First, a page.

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Monday, 17 December, 2018

Ice-cool Sordet looks like a tasty option

Frenchman peaking at right time

Clement Sordet could have a good week
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Live on Sky Sports from 6.30am Thursday

Palmer's top tip
Clement Sordet 40-1
The Heritage Golf Club in Mauritius is a mysterious venue in a remote location to most of the field for this week's televised European Tour event, but rising French star Clement Sordet is entirely comfortable there.

Sordet is the touring professional for the Heritage, an attachment which means he has plenty of rounds under his belt at the course, and he can hit the ground running. Mauritius is a former French and British colony where almost all the population can speak French, so it is no wonder Sordet has been attracted to this paradise island.

In terms of peaking for this 'home game', Sordet could not have done much better. His final five Challenge Tour events yielded form figures of 18-15-17-3-1, a two-shot victory in the Grand Final confirming his promotion to the European Tour.

The 25-year-old's first outing in the higher grade was a Hong Kong Open debut last week, and after an understandably slow start on an unfamiliar, tricky course, he outscored everyone over the weekend, putting superbly. Closing rounds of 64 and 67 hauled him up to tenth spot.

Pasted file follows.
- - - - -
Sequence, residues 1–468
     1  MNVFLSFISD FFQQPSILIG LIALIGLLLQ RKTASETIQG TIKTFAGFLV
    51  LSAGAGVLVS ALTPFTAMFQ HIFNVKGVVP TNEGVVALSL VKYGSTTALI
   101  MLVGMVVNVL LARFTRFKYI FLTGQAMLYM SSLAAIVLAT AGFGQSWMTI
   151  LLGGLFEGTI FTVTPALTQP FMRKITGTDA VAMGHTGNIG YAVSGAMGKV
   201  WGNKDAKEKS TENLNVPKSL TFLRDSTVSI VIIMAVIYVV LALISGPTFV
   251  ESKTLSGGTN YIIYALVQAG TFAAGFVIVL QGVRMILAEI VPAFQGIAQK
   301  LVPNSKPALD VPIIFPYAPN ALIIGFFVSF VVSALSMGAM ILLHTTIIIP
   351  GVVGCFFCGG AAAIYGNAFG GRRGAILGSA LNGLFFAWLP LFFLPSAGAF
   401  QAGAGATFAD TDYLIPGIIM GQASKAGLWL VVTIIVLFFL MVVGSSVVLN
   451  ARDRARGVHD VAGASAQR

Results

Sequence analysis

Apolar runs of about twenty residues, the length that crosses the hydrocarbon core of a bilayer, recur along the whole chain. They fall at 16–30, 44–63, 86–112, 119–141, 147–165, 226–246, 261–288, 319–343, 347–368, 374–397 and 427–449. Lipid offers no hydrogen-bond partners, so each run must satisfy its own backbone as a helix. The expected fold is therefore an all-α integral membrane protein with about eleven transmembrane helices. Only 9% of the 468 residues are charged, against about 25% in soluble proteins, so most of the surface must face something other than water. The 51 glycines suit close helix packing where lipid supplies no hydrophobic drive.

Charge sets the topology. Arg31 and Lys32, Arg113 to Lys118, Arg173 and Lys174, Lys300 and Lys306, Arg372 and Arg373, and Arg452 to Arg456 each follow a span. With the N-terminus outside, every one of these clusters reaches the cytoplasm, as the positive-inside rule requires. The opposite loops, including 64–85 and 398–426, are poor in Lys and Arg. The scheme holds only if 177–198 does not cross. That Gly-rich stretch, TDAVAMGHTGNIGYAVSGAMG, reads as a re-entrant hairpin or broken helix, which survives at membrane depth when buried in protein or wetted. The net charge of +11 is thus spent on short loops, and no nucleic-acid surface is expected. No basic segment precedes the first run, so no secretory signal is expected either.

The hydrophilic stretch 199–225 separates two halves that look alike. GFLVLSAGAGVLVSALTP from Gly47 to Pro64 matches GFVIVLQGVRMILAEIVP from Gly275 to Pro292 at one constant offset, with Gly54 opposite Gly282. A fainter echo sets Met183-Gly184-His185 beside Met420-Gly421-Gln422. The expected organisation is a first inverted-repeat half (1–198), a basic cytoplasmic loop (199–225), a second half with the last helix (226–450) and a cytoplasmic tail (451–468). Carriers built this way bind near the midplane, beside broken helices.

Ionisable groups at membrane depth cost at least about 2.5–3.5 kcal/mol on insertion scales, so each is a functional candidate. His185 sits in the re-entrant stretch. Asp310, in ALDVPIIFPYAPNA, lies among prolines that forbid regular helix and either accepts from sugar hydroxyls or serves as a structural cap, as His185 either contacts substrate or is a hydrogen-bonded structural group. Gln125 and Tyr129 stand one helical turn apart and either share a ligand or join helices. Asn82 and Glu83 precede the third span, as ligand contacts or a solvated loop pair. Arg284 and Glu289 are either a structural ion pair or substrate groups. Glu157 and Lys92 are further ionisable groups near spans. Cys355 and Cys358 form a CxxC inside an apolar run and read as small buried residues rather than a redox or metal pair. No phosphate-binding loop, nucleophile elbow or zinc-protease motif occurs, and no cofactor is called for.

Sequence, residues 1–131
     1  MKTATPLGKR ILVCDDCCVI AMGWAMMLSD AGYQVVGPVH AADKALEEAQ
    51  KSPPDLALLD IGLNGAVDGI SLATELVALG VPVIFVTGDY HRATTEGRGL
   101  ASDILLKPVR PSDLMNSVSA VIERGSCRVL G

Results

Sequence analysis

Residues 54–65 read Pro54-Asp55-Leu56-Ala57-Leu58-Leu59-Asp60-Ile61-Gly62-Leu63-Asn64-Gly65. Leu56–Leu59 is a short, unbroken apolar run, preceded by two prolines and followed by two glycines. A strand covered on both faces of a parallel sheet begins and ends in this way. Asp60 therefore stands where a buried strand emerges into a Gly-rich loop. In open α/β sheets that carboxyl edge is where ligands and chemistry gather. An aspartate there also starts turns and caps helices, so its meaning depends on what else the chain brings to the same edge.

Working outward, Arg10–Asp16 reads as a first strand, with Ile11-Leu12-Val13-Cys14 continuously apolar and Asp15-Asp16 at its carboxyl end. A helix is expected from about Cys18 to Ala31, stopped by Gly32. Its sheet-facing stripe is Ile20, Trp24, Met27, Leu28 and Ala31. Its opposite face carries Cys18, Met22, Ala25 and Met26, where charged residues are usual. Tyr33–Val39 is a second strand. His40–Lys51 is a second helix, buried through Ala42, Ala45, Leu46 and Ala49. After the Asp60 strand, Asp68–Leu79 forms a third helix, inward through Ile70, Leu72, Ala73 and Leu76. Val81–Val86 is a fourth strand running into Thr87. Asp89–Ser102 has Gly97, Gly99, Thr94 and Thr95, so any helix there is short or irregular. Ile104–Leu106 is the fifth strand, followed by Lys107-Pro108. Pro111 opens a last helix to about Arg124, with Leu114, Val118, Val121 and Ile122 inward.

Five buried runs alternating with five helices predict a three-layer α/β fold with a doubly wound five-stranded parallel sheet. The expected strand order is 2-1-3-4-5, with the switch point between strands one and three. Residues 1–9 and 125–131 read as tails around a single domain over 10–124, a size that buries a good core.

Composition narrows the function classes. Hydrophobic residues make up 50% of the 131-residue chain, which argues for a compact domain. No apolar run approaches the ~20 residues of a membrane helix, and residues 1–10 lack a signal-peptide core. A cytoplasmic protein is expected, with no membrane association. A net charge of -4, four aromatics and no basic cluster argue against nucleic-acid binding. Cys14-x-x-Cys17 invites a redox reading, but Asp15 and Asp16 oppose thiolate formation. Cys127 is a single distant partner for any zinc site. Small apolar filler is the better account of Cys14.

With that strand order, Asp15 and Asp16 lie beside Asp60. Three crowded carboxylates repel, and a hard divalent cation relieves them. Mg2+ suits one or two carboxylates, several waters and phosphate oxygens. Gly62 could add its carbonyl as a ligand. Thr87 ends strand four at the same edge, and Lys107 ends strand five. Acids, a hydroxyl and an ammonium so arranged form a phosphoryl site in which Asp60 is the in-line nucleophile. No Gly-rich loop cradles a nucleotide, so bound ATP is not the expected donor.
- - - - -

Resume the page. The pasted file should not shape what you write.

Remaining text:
Sordet looks like a class act and he went into the notebook of many punters with an impressive second-place finish in elite company in the 2015 Thailand Golf Championship. He has won four times on the Challenge Tour, three of them after successfully defending a 54-hole lead, so has clearly got bundles of bottle.

Next best
Scott Vincent 100-1
Zimbabwe is desperate to produce another Nick Price – somebody who can compete for the highest honours – and Scott Vincent is their best hope. The youngster won rave reviews at Virginia Tech when honing his game as a Stateside amateur and he appears to have finally settled as a professional, having made the switch in 2015.